How to Decide which Major is Best for You

Written By: Katie, UNCA Onestop Office

Choosing a course of study can feel like a daunting task.  It will dictate which classes you take, what internships and/or jobs you will be best suited for, your potential earning power, and what your day to day life could look like after you graduate…. Right? Wrong.  It can only influence those pieces of your life. While choosing a major is an important decision and should be done with consideration, it is not a life sentence. It will not put you on an irrevocable path. I, for example, have a BA in Communication Studies, went on to be a field instructor for Outward Bound leading wilderness expeditions for nine years, worked briefly as a professional chef, and am now working as an Academic Advisor here at UNC Asheville. My point being, the major you choose does not necessarily mean choosing a career.  

All of that being true, choosing a major is still a very important decision as it will impact many parts of your life.  If this feels big and you are struggling with choosing a major, fear not! There are many steps you can take to help yourself and ease the decision.  First, consider yourself. Honestly examine your past experiences and areas of interest. Do you think you want to be a veterinarian, but hate science classes and have never volunteered at an animal shelter or rehabilitation center?  If this sounds familiar, perhaps you only like the idea of being a vet. However, maybe you excelled in your writing and composition classes, and have worked as a summer camp counselor since you were 16… you might consider a degree in English with a teacher licensure.  It is also important to assess your academic strengths and weaknesses. Your major will dictate many the courses you take while in college. So if you truly hate math, picking a major that requires lots of math classes will most likely have a negative effect on your college experience, motivation, and grades.  Remember to think not only about the end goal, but what will be required of you to get there. While you may not love every class you take, you should feel interested in and challenged by most of the classes in your major. Also, reflect on your personal preferences – are you an introvert or do you love public speaking? What are your values? Becoming a doctor takes many years of schooling- is this something you are willing to do?  Do you have the grit for it? Secondly, study the logistics. Remember to pay attention to your credit hours, timeline, and financials. Some degrees require more credit hours than others. This could affect how long you have left in school, scholarships or financial aid, fees associated with hours limits, etc.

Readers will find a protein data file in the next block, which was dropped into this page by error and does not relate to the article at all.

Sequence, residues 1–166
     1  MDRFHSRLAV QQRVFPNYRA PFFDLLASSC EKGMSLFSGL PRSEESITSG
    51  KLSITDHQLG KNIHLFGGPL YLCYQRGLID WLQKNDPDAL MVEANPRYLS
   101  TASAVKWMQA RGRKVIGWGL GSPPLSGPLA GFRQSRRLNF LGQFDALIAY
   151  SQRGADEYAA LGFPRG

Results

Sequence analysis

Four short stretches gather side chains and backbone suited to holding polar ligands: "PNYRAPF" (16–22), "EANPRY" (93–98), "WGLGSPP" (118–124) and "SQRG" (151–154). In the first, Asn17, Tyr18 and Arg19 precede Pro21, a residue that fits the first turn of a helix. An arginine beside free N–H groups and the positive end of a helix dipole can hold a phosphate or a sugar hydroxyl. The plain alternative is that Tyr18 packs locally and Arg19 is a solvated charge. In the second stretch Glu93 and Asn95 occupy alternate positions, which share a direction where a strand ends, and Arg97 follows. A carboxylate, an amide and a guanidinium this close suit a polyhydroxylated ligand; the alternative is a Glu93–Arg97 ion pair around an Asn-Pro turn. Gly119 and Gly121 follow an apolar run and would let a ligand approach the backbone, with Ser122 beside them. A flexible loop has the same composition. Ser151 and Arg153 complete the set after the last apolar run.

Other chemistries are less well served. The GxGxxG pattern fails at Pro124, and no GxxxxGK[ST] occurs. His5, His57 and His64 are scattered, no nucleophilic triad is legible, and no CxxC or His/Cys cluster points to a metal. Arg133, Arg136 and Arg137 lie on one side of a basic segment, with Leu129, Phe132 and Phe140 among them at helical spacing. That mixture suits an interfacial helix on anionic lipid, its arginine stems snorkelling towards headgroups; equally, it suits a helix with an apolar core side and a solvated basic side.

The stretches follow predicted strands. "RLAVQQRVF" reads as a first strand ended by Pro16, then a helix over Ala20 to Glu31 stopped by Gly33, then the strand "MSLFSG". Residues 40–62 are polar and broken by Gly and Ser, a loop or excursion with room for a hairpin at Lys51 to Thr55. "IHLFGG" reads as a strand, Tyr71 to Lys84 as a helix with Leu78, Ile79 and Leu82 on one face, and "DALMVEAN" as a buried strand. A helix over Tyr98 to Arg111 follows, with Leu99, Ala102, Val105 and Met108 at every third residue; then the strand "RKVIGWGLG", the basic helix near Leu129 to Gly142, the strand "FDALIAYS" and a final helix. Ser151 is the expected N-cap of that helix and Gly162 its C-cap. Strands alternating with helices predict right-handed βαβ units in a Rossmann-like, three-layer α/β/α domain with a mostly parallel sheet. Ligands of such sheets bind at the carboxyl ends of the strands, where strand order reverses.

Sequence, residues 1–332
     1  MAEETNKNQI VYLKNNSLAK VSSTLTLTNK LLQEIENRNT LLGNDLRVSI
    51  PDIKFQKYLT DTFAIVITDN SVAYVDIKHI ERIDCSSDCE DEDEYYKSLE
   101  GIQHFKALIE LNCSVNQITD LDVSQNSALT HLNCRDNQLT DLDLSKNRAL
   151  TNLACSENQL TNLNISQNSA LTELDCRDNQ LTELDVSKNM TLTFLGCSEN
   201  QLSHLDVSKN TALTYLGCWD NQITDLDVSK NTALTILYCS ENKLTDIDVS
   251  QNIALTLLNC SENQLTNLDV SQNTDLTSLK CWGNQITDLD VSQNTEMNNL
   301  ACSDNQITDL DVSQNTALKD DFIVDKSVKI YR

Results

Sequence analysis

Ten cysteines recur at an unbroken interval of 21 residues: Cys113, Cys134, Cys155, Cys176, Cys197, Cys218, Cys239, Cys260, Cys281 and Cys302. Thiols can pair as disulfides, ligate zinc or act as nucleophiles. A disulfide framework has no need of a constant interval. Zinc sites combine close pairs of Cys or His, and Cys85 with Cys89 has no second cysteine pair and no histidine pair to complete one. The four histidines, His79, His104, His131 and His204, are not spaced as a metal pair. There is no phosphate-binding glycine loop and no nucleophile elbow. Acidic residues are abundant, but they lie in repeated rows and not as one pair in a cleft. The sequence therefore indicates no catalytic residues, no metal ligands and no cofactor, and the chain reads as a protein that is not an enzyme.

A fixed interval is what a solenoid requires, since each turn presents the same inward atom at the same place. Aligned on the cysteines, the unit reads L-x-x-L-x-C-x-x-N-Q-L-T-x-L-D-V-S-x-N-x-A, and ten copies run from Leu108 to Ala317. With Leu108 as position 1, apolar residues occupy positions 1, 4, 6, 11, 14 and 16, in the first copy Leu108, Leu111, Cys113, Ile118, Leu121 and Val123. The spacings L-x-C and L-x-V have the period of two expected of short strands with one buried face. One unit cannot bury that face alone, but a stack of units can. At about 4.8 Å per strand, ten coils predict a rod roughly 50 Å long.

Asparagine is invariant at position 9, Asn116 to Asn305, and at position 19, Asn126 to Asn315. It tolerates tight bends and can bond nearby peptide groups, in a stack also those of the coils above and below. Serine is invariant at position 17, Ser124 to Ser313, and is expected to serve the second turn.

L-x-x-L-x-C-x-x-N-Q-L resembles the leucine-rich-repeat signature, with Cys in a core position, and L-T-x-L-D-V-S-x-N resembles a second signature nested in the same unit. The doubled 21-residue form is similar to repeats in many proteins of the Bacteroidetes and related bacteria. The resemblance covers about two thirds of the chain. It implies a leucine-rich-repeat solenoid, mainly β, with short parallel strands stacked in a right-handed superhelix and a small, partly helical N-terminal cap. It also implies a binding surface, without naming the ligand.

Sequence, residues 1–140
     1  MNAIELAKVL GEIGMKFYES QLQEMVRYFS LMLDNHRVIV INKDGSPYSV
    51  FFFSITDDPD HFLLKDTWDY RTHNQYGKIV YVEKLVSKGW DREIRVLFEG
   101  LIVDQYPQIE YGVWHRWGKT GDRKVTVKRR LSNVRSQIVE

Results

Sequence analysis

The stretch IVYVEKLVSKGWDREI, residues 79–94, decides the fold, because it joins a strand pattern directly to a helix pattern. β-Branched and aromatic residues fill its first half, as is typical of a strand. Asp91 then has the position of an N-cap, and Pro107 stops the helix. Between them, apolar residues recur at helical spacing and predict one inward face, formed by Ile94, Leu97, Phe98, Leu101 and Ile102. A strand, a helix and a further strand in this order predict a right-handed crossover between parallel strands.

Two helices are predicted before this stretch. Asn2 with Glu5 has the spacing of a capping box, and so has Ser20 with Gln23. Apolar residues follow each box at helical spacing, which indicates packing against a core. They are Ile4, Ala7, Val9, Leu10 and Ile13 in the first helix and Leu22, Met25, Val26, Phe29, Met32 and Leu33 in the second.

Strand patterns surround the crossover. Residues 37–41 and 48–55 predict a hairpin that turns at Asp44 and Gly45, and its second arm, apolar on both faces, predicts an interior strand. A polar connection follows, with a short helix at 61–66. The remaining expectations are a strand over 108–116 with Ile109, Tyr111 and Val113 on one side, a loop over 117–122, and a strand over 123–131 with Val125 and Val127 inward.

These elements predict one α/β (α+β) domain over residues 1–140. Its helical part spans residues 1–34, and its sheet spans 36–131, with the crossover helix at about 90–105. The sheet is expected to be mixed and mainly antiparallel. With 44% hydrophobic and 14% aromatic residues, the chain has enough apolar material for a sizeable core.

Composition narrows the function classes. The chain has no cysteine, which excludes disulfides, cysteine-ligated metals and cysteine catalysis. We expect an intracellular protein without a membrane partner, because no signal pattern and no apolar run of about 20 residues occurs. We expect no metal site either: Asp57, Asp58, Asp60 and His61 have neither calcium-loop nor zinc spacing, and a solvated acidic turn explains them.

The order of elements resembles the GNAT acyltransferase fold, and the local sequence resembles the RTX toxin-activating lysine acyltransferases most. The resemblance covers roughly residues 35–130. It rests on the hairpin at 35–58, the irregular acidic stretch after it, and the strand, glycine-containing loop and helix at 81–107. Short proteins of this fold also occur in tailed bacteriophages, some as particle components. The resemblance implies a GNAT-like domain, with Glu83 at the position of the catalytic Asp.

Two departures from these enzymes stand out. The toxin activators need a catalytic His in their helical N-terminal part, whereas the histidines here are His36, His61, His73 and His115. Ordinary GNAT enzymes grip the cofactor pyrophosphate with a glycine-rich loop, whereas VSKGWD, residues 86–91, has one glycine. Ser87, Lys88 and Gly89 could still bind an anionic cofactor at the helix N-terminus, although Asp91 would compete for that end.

With all of these things to take into account, here is my best piece of advice: talk with a professional!  The Career Center and One Stop advisors are free services for you right here on campus. The advisors in these offices can (and are happy to) help you with this choice.  We can help you assess your strengths, weaknesses, and interests. We can talk with you about the requirements for majors you are looking at and help you figure out how they will affect your time at UNCA.  The Career Center is a great resource for students – don’t let the name trick you, it is not just about jobs. They can provide you with some self-assessment tools to help determine what you might be interested in.  They can introduce you to people working in areas you are considering. They can help you find internships, assistantships, or jobs. Spending time working/interning/volunteering in your interest area can be a great help if you are unsure if it is your passion.  Or, if you are more of a DIY type, they can direct you to some great online resources where you can research different majors and their associated job options, earning potential, popularity, etc. The advisors in the OneStop office can help with the logistics once you are ready to declare a major.  They can talk you through requirements and timelines in any degree. They can help you bounce around ideas if you want to double major, do an internship for credit, etc. They can also help you determine if your financial aid or scholarships will be affected.

I will leave you with this- thirty minutes of Post-Malone videos on Instagram might be time well spent, but also consider that same thirty minutes spent chatting with an advisor could change your entire college experience for the better.  The choice is yours. Either way, you know where to find us.

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